Human Interaction

A couple of weeks ago I went to the bank with my mother to deposit money. The bank was empty, but I headed straight to the ATM – that is, until my mom stopped and told me to go to a teller. “But then I’d have to fill out a slip and I don’t remember my bank account number and I’d have to go all the way inside…” the excuses flowed out easily, but I questioned myself. Why didn’t I just go to the teller? I put on my ‘adult’ hat and walked inside. It was fast, easy, and pleasant.

Why didn’t I want to talk to the teller? What makes the ATM more ‘convenient’ if going to a teller takes the same amount of time? The only difference is human interaction. Why is interacting with strangers such a deterrent?

The exponential increase in technology says a lot about society. We’re moving away from small, interpersonal interactions in the name of ‘convenience.’ Virtually everything can be done with minimal contact nowadays; food is ordered online, shipping labels can be printed out, machines eliminate the need for MTA workers and bank tellers. Granted, this technology is very useful and saves a lot of people a lot of time – and as a native New Yorker, I appreciate saved time.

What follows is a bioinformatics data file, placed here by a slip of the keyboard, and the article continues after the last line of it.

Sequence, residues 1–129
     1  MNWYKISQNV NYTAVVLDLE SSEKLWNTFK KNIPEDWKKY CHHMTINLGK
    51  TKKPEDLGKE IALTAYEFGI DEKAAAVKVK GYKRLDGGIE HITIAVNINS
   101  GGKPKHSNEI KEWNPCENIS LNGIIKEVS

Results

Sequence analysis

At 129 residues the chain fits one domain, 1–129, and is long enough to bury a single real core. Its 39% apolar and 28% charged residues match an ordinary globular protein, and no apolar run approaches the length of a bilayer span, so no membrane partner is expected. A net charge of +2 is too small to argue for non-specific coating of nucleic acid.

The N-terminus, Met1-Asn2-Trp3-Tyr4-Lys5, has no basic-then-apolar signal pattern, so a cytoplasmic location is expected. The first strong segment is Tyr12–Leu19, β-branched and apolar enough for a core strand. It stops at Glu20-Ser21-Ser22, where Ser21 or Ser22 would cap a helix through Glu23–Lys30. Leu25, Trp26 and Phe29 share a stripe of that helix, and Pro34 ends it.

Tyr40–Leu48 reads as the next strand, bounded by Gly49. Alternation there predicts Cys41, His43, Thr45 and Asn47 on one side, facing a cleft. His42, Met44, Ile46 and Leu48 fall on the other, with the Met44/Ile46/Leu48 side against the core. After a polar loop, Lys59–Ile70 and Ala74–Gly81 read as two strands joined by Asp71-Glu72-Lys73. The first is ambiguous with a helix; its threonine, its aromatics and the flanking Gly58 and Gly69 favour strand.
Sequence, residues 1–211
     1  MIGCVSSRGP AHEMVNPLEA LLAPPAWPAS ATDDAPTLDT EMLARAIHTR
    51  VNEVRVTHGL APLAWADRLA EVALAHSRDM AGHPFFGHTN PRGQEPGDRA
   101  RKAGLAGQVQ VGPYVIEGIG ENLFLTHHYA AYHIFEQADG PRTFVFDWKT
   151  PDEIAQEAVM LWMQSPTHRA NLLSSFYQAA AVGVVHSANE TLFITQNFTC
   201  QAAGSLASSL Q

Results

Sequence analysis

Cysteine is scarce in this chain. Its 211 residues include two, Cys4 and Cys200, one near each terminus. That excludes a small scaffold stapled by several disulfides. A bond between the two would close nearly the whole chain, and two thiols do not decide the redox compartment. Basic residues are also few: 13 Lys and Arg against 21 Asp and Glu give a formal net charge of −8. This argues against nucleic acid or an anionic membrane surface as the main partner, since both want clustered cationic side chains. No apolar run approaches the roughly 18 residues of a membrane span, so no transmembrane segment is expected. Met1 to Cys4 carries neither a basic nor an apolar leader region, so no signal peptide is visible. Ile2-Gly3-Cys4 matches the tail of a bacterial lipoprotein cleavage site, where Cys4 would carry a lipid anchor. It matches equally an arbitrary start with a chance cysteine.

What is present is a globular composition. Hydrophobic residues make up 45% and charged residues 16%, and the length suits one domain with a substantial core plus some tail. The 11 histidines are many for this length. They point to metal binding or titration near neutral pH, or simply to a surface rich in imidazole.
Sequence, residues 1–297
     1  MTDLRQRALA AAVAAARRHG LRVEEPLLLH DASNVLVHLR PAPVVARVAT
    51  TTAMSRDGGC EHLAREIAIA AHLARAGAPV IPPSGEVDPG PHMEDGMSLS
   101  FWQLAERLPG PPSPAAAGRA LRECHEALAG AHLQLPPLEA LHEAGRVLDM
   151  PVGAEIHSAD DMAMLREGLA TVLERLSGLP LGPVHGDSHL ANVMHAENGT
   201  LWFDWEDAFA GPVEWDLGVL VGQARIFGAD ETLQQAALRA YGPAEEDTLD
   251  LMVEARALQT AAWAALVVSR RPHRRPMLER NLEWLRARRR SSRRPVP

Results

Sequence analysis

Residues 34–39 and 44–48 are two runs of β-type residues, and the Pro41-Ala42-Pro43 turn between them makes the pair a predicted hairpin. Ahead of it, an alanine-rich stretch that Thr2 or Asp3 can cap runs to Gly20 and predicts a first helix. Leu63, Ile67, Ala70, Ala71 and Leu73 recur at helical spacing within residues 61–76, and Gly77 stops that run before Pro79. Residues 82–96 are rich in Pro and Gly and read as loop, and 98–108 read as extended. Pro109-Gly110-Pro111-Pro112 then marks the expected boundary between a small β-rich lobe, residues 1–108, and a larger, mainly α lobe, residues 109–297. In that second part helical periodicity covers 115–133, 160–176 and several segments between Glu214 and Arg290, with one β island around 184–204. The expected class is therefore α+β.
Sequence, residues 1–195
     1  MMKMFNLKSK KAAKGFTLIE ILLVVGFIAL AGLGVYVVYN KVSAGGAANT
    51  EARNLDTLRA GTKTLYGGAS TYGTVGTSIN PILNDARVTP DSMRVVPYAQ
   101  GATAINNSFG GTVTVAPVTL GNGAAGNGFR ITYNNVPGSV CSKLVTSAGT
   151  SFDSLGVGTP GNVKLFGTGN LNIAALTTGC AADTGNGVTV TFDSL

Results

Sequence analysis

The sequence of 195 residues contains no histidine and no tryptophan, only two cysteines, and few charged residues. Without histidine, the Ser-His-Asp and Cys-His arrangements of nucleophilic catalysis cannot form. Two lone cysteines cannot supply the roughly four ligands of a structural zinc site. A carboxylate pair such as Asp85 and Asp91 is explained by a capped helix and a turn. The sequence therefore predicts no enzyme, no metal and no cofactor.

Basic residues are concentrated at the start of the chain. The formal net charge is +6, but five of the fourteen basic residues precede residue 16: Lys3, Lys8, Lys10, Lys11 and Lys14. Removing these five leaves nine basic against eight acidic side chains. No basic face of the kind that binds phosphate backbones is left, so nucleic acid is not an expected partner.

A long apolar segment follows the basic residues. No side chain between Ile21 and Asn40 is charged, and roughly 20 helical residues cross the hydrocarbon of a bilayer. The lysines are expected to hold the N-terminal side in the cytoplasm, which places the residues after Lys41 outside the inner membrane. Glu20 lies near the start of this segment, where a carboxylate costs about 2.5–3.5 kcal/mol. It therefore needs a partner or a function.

However, social skills are slowly deteriorating. Kids in younger generations are growing up with cell phones in their hands and the virtual world at their fingertips. It’s no wonder my brother asks me to order food on the phone for him (and make the rest of his phone calls); my friends play on their phones while we’re eating dinner together; my sisters email and snapchat me instead of calling.

There are pros: easy, fast, simple communication with a vast expanse of people. We have bigger networks now, bigger than our grandparents could ever imagine. However, there are cons as well: some would argue we have access to too much information; and as court cases involving social networking increase, the line between public and private life is being blurred. Additionally, there’s an expectation that people are now supposed to be readily available via email, text or call.